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Getting hit hard on survival of hives - less than 20%. This years hives all died. Hives had good stores of honey and pollen. hives were normally active through the early fall. Queens OK. Treated with Ox acid the three times and screen boards were not showing a parasite infestation. With in two weeks, hives were all dead: bees piled on bottom and stuffed in the entrance. A few hundred bees were pushed out on the grass in front of the hive. No signs of bee poop on the hive exterior. This is the third year in a row I have had die offs like this ( although this year was the worst). I have used new wood and bought my starts from different suppliers. I really am at a loss as to what is knocking off my bees. Thank-you.
 

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I hate to say this - I really do - but a report of hives being active and apparently thriving in early Autumn (Fall), only to collapse a few weeks later, does have that familiar ring of 'Varroa' about it.

When and how did you treat with OA ? Have you examined samples from your dead-outs for mites ?

Must be very disheartening ... sorry to hear about this.
LJ
 

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A boatload of dead bees on the bottom board suggests a sudden failure. I usually find that a result of starvation and my second guess is mites. I know you said that they had ample stores and were treated for mites but these are the most likely culprits all the same, in my opinion.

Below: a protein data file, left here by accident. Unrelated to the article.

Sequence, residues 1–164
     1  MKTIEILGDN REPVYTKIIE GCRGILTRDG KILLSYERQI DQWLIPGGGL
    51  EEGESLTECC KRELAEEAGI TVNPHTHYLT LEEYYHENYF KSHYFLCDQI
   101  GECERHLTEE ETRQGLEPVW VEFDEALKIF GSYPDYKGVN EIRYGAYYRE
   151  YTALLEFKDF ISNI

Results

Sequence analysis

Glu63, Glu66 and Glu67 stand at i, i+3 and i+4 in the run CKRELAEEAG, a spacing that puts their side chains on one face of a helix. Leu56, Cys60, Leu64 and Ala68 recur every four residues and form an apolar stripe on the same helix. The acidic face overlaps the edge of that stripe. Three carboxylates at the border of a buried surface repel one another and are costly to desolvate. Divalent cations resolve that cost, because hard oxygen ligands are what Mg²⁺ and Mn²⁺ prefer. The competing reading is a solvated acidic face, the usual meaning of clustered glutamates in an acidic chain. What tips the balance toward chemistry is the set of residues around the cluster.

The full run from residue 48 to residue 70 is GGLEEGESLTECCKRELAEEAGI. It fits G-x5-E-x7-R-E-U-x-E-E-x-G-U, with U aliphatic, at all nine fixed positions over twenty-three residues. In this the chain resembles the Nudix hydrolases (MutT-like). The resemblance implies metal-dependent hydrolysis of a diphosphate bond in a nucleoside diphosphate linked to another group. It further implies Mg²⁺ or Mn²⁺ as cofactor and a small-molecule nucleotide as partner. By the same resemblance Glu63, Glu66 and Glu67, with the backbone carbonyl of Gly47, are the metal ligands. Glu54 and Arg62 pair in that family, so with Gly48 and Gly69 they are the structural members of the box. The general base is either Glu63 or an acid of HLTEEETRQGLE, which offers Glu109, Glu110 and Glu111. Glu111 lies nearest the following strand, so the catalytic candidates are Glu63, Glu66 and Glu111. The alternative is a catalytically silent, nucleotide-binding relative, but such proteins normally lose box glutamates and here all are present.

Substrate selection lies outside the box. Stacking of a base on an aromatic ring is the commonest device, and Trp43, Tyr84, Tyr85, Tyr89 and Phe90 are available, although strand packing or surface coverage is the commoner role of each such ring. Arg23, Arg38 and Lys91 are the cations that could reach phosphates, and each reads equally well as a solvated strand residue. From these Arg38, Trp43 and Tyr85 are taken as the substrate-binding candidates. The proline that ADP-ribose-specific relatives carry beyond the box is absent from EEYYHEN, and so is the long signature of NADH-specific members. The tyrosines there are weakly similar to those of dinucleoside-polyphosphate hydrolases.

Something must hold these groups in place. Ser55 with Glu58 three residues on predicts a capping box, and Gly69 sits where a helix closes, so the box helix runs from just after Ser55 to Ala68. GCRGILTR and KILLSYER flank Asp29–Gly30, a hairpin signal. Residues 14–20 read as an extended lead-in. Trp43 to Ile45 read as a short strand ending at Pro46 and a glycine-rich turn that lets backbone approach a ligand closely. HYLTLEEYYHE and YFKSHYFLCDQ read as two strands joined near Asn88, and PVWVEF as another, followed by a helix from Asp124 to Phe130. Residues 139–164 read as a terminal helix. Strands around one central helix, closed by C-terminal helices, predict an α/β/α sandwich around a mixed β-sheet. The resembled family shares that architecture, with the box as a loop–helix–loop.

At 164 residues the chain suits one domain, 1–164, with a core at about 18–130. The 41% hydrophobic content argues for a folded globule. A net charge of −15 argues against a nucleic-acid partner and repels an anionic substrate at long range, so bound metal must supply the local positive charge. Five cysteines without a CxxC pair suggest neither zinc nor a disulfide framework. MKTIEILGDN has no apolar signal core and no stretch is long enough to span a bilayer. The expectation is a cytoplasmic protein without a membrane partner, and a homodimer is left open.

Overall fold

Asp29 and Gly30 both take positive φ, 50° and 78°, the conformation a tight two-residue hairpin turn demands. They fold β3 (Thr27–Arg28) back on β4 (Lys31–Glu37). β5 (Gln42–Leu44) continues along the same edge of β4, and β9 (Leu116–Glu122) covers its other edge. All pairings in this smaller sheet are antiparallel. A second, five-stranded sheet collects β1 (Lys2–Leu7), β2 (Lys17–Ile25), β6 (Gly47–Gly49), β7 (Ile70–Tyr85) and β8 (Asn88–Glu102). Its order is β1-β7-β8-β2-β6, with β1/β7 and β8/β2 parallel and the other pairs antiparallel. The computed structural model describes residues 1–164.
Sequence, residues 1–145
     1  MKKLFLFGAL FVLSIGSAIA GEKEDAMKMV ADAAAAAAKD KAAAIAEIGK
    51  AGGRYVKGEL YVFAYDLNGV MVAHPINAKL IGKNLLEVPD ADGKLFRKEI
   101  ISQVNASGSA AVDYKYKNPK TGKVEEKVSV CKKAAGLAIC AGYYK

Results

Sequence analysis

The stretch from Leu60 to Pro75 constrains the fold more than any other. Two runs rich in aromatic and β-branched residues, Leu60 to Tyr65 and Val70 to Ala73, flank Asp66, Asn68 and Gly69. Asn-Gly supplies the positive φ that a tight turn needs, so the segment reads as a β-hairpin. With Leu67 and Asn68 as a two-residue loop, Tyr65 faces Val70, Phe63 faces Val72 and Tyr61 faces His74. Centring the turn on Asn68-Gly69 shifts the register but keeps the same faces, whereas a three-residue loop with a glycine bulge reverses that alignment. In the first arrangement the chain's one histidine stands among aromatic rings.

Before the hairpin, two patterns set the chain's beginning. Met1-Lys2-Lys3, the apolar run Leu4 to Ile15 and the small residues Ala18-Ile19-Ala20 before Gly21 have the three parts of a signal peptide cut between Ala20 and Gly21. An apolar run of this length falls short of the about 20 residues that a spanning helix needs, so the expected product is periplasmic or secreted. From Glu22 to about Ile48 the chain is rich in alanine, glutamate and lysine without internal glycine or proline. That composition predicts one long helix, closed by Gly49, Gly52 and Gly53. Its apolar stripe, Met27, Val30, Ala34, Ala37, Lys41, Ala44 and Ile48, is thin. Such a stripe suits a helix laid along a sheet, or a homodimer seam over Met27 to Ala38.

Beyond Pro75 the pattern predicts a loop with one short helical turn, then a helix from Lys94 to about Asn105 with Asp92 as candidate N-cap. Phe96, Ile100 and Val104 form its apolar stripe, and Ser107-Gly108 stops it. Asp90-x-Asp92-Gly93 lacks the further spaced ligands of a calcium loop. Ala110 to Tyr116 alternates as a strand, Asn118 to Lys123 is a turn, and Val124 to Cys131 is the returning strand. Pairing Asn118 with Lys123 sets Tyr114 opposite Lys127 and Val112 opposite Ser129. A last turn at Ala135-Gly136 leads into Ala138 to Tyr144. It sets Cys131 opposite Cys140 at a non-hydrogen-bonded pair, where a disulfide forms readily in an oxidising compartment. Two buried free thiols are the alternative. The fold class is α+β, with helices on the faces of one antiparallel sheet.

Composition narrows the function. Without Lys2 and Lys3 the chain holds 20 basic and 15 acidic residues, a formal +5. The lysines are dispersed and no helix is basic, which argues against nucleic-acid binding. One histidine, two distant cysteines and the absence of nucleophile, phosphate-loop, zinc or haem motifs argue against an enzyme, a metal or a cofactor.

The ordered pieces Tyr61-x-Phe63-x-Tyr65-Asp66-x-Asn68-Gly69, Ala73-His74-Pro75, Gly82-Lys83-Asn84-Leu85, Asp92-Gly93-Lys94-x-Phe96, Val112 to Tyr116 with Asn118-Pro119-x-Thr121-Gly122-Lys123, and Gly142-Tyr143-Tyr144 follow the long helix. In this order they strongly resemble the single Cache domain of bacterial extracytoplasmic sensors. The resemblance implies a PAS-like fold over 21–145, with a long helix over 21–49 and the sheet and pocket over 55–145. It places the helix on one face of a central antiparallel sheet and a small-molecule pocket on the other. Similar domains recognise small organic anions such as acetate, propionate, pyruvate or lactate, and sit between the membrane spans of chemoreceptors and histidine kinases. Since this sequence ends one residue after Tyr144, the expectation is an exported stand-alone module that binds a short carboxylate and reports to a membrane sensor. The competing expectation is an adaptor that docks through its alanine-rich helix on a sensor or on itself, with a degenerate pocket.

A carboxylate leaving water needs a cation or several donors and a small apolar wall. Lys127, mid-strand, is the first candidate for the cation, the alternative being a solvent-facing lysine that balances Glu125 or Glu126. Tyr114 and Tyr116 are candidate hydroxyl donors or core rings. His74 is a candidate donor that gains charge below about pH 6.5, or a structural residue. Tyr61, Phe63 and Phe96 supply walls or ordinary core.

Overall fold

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Until some general location is identified, how can one even try suggesting anything?
We could be talking of beekeeping in Costa Rica.

raulattaturk: this is not the end of the world;
fyi - I had 18% coming out of the last season and it was good % for me (much better than 0% granted what I doing);
but again, without much context what answers do you expect?
 

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Where are you located and do you work with a mentor
 

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Until some general location is identified, how can one even try suggesting anything?
We could be talking of beekeeping in Costa Rica.
The guy is talking about this year's bees, and makes reference to the Fall - therefore he's situated somewhere in the Northern Hemisphere, and there isn't a single country in the Northern Hemisphere which isn't affected by the varroa mite, which I suggest from the description given is a strong favourite.

Use of the term "The Fall" strongly suggests location within the US.
LJ
 

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The guy is talking about this year's bees, and makes reference to the Fall - therefore he's situated somewhere in the Northern Hemisphere, and there isn't a single country in the Northern Hemisphere which isn't affected by the varroa mite, which I suggest from the description given is a strong favourite.

Use of the term "The Fall" strongly suggests location within the US.
LJ
That is true, LJ.
As well is true that the location can be anywhere from Alaska to Florida (all within the US).
 

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We could be talking of beekeeping in Costa Rica.
I suppose I inferred from statements like ‘hives were normally active through the early fall’ that the poster was somewhere temperate. All the same, a sudden collapse with dead bees piled up on the bottom board and filling the entrance, this time of year in a temperate climate, is often starvation, in my experience.

This time of year in Costa Rica....maybe pesticide. :rolleyes:
 
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